When we told people that we were going to the Tucson/Benson area, they asked if we were planning on going to Kartchner Caverns. Almost to a person, they said that they had enjoyed their visit there. Since these particular caverns are only about nine miles south of Benson where we were staying, we put this destination on our “must see” list.
Kartchner Caverns are part of the Kartchner Caverns State Park. One of the things that really impressed us was the way that the park service is intent on protecting and preserving these caverns. They have gone to great links to make sure that future generations will be able to enjoy them. Because these are active and live caverns they are continuously studied by researchers. The Kartchner Cavern system is one of the most studied public caves in the United States.
The focus on preserving Kartchner Caverns began with Gary Tenen and Randy Tufts, the two men who discovered them, in 1974. These two avid cavers found a sink hole and decided to investigate further. Once Tenen and Tufts had explored some parts of the cave, they realized that this was a “once in a lifetime” find. They feared that others would damage the caves if their location became known so they kept their find a secret for 14 years. To ensure that the caves remained unmarred, these two explorers went privately to the Kartchner family and informed them about their discovery. The caverns were on land owned by this family. After consulting with them, it was decided that they should contact the Arizona State Parks. In 1985, the state purchased the land and three years later the public was told about this wonderful discovery.
The Arizona Park Service wanted to protect Kartchner Caverns but they also wanted to be able to educate people about this special place. They took a year to design and develop the paths through the caves being careful not to disturb its features. The state spent $28 million installing a system of anti-lock doors to protect the caves from drying out. They are also very particular about what visitors are allowed to do while in the caves. The guides insist that you not touch any cave feature save the handrails while on the tour. Should you accidentally touch something, you are to alert the guide and they will mark that spot. In the evening a crew comes back through the cave and cleans the spot to remove any debris or oil that might have been deposited on the surface. This protects the cave from getting bacteria on its pristine surfaces. As you can tell, they are very serious about protecting this natural wonder.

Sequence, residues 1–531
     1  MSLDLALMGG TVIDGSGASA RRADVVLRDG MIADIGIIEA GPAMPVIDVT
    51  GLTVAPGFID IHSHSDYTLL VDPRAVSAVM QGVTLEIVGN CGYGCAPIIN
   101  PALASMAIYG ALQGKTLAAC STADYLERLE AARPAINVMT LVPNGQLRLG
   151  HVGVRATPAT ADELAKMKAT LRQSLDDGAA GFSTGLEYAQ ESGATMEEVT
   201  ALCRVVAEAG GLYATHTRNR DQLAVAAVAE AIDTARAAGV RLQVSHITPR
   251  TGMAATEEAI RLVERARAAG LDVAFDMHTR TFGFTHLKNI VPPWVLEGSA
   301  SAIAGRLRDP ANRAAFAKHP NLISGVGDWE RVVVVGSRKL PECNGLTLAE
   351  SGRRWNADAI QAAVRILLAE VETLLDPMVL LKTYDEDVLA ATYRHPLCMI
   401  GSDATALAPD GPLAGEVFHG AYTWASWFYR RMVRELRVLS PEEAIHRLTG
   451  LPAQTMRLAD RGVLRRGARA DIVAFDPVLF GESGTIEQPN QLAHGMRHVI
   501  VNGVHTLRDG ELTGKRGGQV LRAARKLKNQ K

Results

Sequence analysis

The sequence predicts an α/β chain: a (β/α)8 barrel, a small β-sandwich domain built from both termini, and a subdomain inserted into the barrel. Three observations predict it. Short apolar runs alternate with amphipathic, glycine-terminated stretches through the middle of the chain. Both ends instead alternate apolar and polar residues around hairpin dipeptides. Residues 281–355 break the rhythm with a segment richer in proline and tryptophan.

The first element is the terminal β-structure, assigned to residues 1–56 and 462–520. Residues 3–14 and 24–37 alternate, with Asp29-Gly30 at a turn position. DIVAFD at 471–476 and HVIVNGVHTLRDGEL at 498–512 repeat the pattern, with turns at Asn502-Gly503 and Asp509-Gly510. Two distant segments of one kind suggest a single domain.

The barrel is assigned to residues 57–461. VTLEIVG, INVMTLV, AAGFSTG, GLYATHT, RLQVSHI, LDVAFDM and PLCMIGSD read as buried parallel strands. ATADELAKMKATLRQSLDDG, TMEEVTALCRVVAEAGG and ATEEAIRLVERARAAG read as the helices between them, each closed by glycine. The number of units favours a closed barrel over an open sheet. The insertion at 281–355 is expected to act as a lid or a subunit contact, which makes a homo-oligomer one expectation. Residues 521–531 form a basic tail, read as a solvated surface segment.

When you visit Kartchner Caverns, the park service asks that you arrive at least 30 minutes before your tour starts. We took that time to see the 15-minute orientation video and to look around the exhibits in the Discovery Center. It was a good way to begin our visit there.
To get to and from the entrance to the caverns, you must ride a tram. There are two rooms that you can visit, the Throne Room and the Big Room, and there is a separate tours for each. The Big Room is closed from April through October because bats roost in that room of the caverns. The Throne Room is open year around and that is the tour that we took. We were surprised that the average temperature inside this cave is 72 degrees with 98% humidity. Unlike Carlsbad Caverns that were cold, this one was balmy. Also, unlike Carlsbad Caverns where you can walk through parts of the cave unaccompanied, all tours at Kartchner Caverns are guided. In addition, you are not allowed to take cameras, video camera, cell phones, backpacks, strollers, purses, etc. on the tours. Consequently, we do not have any photos of the interior of the Throne Room.
In the Throne Room, there is a large column called Kubla Khan. It is 58 feet and extends from the high vaulted ceiling to the floor. Tenen and Tufts named this feature after a poem by Samuel Taylor Coleridge. This place has a surreal feeling, so they thought it appropriate. Although we could not take a photo of this feature, there was a painting of it in the Visitor Center and this gives you an idea of what it looks like. It is the largest column formation in Arizona.
We also saw other features on the tour, such as stalactites, stalagmites, soda straws, helictites, cave bacon, and draperies. We also saw 45,000 year old bat guano. This cave is a wet cave and water was dripping down the features proving it is still very much alive and growing. We were very impressed by the tour and the caverns. Our tour guide, Dave, was quite personable and very well-informed. David and I stayed after the tour and asked him some more questions. He was more than willing to stay and chat with us.
If you decide to visit the Kartchner Caverns, be sure to purchase your tour tickets well in advance. When we arrived for our tour on Monday, we overheard the person at the Visitor Center desk say that the next available tour was not until Friday that week. We were glad that we had gotten ours online. Even so, we had to put off our visit for several days due to ticket availability.
At the Visitor Center, there is a gift shop and a café called the Bat Cave Café that serves light fare. In addition to the cave tours, Kartchner Caverns State Park has many hiking trails and a nice campground on site.
We have really taken advantage of our time in the Benson/Tucson area and explored many interesting places. There are still so many more that we did not have time to visit yet but it is time for us to move along now. One of the things that we will miss is seeing the light from the sunset illuminate the Dragoon Mountains. We can see these mountains out the back window of our camper and the views have been truly spectacular.